A microchip is a key form of identification to help prevent your cat from being permanently lost. There is nothing scary about the microchip itself but a cat without a microchip is a frightening thought.
If you don’t already have your pet’s chipped or aren’t sure of what it involves, here are some key points that should help convince you that all of our pets should have one. I personally have peace of mind knowing that all 4 of my pets have been microchipped and their current contact information is updated each time I move. One cat of mine, “Luvduv” has traveled with me through at least 5 moves, starting at vet school in Tennessee over 10 years ago, to California. With her having a microchip as a permanent means of identity, it’s been a lot less worrisome overall. If she breaks her collar off again or performs her escape maneuvers as I open the front door, I, at least, know she is chipped.
Varied statistics show that a cat who gets lost but has a microchip is nearly 20 times more likely to be found than a cat without one! Many of our feline friends don’t wear collars and even if they did, the collar is easy to remove, not updated, and therefore unreliable. However, I do encourage cats to continue to wear collars with an updated id tag at all times in addition to the chip.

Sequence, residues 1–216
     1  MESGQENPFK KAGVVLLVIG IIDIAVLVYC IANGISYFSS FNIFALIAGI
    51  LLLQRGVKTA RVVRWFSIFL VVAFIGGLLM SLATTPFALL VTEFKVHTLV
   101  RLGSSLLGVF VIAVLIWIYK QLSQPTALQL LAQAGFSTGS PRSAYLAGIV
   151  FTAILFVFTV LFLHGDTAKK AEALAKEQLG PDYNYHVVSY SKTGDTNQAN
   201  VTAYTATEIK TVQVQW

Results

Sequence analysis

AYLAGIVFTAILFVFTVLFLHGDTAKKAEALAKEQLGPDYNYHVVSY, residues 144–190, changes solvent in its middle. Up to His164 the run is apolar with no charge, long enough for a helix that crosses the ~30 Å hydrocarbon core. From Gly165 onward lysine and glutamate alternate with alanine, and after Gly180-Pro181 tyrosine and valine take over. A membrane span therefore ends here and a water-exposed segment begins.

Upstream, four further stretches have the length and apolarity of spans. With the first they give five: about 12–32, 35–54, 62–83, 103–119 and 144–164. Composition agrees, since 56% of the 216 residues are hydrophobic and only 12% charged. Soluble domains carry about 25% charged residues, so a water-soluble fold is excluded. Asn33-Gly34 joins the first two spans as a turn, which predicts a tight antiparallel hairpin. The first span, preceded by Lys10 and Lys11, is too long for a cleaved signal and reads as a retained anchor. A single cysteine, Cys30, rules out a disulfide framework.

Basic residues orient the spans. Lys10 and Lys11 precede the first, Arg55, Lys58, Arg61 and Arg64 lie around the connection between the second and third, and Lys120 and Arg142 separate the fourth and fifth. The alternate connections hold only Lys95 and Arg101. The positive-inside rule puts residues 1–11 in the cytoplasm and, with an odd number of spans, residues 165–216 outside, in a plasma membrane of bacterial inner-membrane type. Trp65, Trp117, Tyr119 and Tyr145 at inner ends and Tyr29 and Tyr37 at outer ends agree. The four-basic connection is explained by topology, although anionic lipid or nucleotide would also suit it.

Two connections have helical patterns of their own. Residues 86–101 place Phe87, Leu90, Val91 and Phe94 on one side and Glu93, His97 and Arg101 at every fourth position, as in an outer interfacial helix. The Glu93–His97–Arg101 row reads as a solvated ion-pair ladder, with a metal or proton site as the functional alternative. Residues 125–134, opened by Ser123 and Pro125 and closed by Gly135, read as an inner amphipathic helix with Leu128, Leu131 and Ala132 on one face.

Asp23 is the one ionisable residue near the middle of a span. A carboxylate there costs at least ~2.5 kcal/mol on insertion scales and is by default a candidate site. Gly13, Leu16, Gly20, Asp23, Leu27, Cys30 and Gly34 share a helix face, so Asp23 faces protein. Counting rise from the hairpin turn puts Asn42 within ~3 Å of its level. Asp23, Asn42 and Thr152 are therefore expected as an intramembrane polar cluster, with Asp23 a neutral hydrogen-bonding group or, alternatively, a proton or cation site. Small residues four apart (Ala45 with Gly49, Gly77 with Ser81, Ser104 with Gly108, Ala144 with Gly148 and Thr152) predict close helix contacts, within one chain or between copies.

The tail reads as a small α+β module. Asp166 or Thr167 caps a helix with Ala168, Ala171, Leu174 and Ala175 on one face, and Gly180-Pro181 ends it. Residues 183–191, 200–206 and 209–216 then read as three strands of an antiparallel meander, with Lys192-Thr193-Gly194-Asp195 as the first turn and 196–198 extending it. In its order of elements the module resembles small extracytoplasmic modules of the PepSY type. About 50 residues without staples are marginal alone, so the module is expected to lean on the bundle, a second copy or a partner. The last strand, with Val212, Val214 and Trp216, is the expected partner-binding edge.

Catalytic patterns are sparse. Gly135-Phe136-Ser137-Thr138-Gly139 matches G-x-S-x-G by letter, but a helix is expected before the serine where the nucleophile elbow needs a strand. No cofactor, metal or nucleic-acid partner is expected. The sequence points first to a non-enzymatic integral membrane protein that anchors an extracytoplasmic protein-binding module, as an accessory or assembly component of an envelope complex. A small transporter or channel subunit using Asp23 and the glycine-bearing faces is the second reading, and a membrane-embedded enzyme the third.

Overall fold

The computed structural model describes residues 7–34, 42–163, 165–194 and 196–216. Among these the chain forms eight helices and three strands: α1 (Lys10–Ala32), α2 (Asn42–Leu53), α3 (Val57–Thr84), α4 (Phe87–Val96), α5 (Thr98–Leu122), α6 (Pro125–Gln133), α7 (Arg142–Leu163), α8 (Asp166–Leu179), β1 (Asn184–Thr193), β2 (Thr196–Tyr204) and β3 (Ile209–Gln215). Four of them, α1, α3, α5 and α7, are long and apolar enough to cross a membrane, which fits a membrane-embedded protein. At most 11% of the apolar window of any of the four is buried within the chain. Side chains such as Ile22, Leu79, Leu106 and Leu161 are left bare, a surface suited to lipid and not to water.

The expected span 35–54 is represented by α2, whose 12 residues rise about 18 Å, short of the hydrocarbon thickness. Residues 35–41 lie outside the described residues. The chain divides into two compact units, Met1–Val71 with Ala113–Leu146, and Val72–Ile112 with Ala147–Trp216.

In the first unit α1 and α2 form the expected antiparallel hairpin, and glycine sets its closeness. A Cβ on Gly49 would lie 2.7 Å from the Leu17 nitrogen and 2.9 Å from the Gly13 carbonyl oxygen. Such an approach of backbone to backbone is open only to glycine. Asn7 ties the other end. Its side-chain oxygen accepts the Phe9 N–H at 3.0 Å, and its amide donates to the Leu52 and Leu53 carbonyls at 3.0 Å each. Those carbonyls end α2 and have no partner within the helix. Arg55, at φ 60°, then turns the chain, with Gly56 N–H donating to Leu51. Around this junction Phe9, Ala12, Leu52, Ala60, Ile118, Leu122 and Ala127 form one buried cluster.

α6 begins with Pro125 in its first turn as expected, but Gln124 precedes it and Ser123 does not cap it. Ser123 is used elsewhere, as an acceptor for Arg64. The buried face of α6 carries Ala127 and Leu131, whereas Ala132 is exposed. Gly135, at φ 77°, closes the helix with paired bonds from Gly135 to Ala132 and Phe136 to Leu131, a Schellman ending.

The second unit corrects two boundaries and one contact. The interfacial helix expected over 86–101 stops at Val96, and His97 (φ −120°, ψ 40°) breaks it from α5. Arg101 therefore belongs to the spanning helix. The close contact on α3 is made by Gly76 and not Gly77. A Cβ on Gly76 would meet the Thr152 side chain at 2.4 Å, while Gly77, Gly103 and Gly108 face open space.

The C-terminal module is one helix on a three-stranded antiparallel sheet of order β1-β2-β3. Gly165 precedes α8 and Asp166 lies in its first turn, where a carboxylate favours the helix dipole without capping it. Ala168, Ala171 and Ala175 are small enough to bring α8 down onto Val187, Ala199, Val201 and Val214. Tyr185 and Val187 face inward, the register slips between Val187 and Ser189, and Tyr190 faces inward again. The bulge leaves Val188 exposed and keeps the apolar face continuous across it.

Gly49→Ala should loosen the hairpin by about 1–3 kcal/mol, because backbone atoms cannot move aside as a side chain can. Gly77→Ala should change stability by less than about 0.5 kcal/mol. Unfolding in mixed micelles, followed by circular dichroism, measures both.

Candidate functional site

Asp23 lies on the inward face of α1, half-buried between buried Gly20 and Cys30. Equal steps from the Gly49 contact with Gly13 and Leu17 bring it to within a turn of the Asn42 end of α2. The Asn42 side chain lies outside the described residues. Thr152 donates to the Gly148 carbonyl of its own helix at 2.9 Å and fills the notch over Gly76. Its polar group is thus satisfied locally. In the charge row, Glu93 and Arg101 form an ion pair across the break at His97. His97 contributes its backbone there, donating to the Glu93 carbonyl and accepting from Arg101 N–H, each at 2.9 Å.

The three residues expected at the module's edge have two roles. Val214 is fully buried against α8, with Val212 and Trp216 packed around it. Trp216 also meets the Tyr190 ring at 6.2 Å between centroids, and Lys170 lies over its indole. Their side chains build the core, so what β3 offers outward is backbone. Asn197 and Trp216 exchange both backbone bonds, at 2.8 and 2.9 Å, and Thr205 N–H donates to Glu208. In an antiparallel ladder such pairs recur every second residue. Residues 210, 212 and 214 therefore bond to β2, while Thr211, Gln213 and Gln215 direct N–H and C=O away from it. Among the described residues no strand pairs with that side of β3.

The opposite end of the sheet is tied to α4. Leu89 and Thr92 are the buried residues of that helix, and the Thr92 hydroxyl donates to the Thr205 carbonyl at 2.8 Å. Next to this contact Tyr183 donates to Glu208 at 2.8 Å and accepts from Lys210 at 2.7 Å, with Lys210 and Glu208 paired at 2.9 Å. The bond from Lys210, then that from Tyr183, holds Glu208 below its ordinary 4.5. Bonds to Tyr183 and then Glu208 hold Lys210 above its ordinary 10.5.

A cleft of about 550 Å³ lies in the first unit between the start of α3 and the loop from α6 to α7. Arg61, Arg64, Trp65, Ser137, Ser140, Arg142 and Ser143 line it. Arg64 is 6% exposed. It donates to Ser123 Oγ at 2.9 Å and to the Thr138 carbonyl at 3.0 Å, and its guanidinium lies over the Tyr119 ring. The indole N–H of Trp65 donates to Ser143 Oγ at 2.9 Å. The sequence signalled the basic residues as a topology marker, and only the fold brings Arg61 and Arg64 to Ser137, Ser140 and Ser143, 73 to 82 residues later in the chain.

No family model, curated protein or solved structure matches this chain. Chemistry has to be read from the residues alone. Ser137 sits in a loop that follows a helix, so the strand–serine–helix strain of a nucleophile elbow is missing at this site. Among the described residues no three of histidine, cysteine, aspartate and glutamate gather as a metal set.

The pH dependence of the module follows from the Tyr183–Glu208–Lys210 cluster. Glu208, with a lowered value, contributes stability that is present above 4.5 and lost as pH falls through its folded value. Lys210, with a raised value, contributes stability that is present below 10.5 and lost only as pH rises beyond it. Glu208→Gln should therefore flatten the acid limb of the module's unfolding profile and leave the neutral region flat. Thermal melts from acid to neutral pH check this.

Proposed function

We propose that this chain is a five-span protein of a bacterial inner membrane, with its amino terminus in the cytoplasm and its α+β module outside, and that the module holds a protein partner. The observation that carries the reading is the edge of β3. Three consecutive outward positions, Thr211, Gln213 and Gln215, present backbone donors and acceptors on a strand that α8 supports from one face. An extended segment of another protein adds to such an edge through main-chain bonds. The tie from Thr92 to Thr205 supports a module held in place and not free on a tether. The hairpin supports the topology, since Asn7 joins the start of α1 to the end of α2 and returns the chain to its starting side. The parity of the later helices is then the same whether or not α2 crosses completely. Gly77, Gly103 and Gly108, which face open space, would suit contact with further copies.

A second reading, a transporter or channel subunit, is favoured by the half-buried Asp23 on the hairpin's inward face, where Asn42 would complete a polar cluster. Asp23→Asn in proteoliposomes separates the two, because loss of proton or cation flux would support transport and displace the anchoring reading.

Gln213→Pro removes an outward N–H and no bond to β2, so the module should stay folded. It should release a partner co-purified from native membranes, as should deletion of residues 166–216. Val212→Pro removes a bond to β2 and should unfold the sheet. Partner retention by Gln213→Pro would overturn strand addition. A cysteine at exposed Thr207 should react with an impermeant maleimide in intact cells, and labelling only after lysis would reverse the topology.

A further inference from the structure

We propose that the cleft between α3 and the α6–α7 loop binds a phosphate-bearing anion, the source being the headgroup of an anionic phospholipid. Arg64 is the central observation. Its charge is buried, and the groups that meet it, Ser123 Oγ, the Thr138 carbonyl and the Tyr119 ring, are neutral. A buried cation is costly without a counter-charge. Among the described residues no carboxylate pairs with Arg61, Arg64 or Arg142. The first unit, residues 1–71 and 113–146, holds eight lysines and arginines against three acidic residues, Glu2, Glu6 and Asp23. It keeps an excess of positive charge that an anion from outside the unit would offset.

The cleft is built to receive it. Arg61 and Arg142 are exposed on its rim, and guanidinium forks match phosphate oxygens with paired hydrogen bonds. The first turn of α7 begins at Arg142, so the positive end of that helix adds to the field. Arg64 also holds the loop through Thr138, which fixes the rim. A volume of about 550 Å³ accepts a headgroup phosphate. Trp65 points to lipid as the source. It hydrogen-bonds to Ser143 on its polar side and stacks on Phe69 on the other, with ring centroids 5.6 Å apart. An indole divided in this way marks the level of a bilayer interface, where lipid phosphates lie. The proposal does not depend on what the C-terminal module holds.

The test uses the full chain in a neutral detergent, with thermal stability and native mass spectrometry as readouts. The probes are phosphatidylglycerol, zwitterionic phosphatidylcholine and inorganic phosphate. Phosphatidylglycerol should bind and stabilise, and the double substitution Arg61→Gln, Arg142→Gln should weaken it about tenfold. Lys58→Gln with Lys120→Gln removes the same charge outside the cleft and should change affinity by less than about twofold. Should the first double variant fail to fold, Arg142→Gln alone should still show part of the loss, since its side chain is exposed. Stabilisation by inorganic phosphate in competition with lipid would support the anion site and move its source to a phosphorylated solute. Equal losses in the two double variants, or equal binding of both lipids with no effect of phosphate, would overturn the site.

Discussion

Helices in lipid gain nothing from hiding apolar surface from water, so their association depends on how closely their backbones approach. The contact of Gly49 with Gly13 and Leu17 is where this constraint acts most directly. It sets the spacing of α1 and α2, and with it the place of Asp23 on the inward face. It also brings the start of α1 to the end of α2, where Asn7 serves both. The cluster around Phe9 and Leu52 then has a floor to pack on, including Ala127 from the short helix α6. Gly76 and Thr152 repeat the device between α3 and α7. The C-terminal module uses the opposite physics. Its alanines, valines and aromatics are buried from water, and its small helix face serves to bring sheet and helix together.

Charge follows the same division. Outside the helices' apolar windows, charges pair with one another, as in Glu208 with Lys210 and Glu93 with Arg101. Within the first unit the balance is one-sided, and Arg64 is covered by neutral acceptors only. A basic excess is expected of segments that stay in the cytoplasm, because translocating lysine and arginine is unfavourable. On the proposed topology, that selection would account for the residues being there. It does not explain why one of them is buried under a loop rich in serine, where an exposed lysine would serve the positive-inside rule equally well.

It should also be known that inserting the microchip is a quick, relatively inexpensive, and painless procedure. It can be performed in seconds during a routine visit. It is about the size of a rice grain and is injected with a needle in the area under the loose skin “scruff” between the shoulders. Once inserted, the most important step to do is register it with your contact information, otherwise, it’s useless.
I’ve inserted hundreds of chips and most kitties will act like they do when we give them a vaccine: usually they will do nothing at all, or flinch a bit when its inserted, and then return back to normal.
Sometimes I get the question of “how does it track my cat” or the statement that “I don’t want anyone to trace where my cat is or get my information.” No need to worry since it doesn’t work this way, there is not any GPS like system and no one but shelters or veterinarians with a microchip reader can obtain your information.
Please strongly consider a microchip if your cat doesn’t already have one, be absolutely sure to register it (we’d love to help you!), and keep all of your contact information current. These microchips tend to last a lifetime but feel free to remind us to check that it is still working at each annual physical exam and that we have it recorded in our medical notes. Here is a link to the HomeAgain Microchip site, the company whom we use for any further information: http://public.homeagain.com/how-pet-microchipping-works.html